By Altaf Hussain
BBC News, Srinagar
Kashmiri businessman Aejaz Hussain missed his flight (Photo: Irshad Khan)
A member of India's governing Congress party in Indian-administered Kashmir has condemned moves by China to issue separate visas for Kashmiri people.
He said the decision by China to issue hand-written visas on loose sheets of paper was "not acceptable".
China has given no explanation for its move, but many in Srinagar say it is because Beijing sees Kashmir as disputed territory.
The divided region is claimed in its entirety by both India and Pakistan.
So far only about 100 people have been affected by the new procedures.
The move - introduced in May - follows recent reports in the Indian media that Chinese troops have made incursions into the Indian state of Jammu and Kashmir in the Ladakh region.
Aejaz Hussain's new hand-written visa (Photo: Irshad Khan)
The new requirements may affect only a handful of students and businessmen who travel from Indian-administered Kashmir to China, but the diplomatic implications of the Chinese move could result in a serious deterioration of relations between Beijing and Delhi.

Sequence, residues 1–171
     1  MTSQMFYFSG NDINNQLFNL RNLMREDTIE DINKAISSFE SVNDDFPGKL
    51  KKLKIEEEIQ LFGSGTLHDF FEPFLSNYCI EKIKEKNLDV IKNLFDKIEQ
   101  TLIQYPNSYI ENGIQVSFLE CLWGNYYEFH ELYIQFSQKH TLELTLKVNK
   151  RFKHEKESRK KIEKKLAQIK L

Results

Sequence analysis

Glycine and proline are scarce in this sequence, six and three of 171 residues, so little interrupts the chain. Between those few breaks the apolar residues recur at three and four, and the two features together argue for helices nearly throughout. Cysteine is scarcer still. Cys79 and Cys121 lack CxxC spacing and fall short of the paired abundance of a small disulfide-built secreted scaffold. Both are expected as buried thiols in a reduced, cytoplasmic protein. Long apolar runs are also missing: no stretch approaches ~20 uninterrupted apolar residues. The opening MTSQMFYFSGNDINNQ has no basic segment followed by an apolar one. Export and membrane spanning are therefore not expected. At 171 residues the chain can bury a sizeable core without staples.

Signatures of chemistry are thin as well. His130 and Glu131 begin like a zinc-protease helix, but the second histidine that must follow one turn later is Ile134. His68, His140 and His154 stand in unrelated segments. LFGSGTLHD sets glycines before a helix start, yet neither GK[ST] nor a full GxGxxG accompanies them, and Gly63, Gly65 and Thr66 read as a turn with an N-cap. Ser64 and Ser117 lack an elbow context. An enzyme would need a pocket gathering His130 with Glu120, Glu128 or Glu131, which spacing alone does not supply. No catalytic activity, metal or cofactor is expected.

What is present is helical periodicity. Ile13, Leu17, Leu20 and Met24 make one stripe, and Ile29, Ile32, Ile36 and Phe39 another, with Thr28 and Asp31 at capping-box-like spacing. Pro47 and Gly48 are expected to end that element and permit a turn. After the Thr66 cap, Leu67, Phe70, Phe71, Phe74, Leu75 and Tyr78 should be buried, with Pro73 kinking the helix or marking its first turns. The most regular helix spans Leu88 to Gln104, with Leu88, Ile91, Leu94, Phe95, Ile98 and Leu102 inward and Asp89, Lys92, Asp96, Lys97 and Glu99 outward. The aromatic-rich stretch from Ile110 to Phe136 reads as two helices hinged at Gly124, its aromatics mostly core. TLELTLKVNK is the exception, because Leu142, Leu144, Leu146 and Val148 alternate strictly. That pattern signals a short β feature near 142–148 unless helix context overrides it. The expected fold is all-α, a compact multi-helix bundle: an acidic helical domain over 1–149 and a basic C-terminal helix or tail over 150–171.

One of those affected is Aejaz Hussain, a Srinagar businessman who regularly travels to China.
When he last went two months ago he was issued with a hand-written Chinese visa on a loose sheet of paper stapled to his passport. But Indian immigration authorities told him it was not valid. He missed his flight as a result and complained to the Chinese embassy in Delhi.
"They told me they were using the loose visa only for people from Kashmir. They said it was their government's decision," he said.
Acting on the advice of embassy officials, he asked the immigration authorities at Delhi international airport to explain in writing why the visa was invalid.
"I told them to arrest me if I had a fake visa."
Eventually Indian officials allowed him to fly.
"But I had to go through hell before they let me," Mr Hussain said.
Not everybody has been so fortunate. Shuja Altaf was prevented from travelling last month after being told by Indian immigration that Chinese "loose visas" were not being accepted.
India says relations with China remain warm
"The officer told me that by issuing such visas, China was refusing to recognise Kashmir as part of India," Mr Altaf said.
He said that he saw at least four students from Kashmir who were also prevented from boarding their flight.
Now a prominent leader of India's governing Congress party from Kashmir, Saifuddin Soz, has spoken out over the issue.
"It is wrong, it is not acceptable to us," he said. "Kashmir is an inseparable part of India and China cannot question that position."
However, a senior separatist leader and former chairman of the All Party Hurriyat conference, Molvi Abbas Ansari, said that China's decision reflects its recognition of Kashmir as disputed territory.